Bantam Press, £17.99

The Player, by Boris Becker

A self-serving slice of greatness

I fell in love with Boris Becker in 1987. He had just been knocked out of the second round at Wimbledon by an unknown, having won the championship two years in a row. As his sport reeled in shock, he put his downfall in perspective. "No one got killed," he said. "I just lost a tennis match." He seemed a 19-year-old man above men.

I fell in love with Boris Becker in 1987. He had just been knocked out of the second round at Wimbledon by an unknown, having won the championship two years in a row. As his sport reeled in shock, he put his downfall in perspective. "No one got killed," he said. "I just lost a tennis match." He seemed a 19-year-old man above men.

He rampaged across the courts of the world, got rich quick, and became the nearest thing to German royalty in a country whose tabloid hounds are as highly-strung as our own. Along the way, he married a black woman, Barbara Feltus - cue hate mail. But the couple were co-opted as symbols of a new Germany until Kamelot crumbled, along with a marriage whose end was hastened when Becker famously fathered an illegitimate child in a Japanese restaurant.

Anyone hoping for racy descriptions of athletic couplings must look elsewhere. There were lots, with lots of girls, he writes, but that's all he writes. The Nobu episode gets a few sentences in this autobiography.

Anyone hoping for much tennis can look elsewhere, too. Thanks to the book's episodic structure, no clear picture of his career emerges, and the only detailed account of a single match is Becker versus Becker in the divorce courts. That is certainly detailed. He clearly had a lot to vent. His five-set defeat to the German taxman, on the other hand, gets a few paragraphs.

However, he loves fine wines, Cuban cigars, lobster and caviar. His taste in music is appalling (he's big on Mick Hucknall), but there is some quality name-dropping. There are the usual suspects - Mandela, Ali and the Windsors - but also the idiosyncratic, like Peter Ustinov, who saw in Becker "a very German mixture. Sometimes this brutal, incomparable presence, then a sensitive, poetic pessimist".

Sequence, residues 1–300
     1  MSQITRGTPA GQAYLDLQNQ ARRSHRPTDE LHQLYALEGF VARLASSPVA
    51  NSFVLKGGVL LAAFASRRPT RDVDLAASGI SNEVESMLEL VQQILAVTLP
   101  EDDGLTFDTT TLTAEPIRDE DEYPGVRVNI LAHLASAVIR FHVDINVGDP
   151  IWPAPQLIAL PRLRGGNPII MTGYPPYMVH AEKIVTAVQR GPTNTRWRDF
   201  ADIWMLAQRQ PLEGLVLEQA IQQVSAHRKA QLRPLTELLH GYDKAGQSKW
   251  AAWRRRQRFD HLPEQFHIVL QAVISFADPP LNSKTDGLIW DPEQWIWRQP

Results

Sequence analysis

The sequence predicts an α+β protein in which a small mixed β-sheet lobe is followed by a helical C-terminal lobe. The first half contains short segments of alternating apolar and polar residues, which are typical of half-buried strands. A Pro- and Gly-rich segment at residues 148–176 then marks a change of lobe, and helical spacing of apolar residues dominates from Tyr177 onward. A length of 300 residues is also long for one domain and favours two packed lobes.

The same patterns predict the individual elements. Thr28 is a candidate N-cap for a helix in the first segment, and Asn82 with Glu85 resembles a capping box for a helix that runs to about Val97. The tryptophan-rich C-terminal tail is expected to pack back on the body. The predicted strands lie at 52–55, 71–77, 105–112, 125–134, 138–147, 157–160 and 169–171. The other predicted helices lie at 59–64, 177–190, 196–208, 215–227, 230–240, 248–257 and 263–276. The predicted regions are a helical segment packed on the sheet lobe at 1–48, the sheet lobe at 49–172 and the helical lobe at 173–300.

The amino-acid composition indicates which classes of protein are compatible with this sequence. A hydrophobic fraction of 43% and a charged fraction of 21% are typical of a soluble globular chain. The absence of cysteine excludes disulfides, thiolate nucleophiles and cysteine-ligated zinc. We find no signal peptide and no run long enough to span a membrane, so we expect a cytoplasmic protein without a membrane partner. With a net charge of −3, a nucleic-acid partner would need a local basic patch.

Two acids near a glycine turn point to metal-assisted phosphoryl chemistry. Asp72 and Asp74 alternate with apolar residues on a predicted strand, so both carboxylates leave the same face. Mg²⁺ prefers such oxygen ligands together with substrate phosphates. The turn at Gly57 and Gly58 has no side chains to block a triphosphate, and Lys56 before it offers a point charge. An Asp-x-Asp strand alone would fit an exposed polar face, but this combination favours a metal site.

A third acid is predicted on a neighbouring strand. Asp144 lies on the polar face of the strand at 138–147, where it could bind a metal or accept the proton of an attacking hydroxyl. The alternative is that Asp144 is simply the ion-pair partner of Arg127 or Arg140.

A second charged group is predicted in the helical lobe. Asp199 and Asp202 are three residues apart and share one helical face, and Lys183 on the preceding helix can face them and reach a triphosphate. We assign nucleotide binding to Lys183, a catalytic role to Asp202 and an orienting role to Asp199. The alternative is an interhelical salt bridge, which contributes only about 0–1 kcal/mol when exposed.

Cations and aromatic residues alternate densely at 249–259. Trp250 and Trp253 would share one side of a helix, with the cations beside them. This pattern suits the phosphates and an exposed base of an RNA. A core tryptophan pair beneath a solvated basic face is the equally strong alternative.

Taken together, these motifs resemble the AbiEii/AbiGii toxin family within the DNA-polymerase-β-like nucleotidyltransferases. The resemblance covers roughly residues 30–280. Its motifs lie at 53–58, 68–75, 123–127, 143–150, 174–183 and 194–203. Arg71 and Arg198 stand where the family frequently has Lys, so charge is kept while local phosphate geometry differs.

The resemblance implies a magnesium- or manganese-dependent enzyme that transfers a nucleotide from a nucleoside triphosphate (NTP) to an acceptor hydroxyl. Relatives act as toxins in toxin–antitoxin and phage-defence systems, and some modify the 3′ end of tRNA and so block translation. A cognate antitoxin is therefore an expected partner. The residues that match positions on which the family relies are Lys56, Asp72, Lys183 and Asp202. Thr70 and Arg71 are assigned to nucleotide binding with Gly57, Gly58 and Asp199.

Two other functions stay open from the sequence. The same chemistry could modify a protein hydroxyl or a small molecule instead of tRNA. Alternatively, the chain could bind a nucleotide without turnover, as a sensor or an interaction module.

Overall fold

Then there was Günter Grass, who told him about Sisyphus and asked him: "Every tournament, you start from zero. How do you cope with that?"

He's a close friend of dear Elton, and was serenaded for half an hour by Placido and Luciano (Domingo and Pavarotti to you) when the lift on their way to dinner became stuck between floors.

I can also report that he's intelligent, well read, loves his kids and has an ego as big as Centre Court. His mum, his former agent and John McEnroe all get their own brief chapters on why they love Boris.

But the scattergun chronology is frustrating, and contributes to the feeling that he left out more than he put in. Of one match, he writes tantalisingly: "I reached the level of obsession a player needs to set his energy free. You have to go as far as the border of madness without crossing the line." The real Boris Becker, I'd guess, is lurking some way beneath the surface of this curious, self-serving and intermittently fascinating book.

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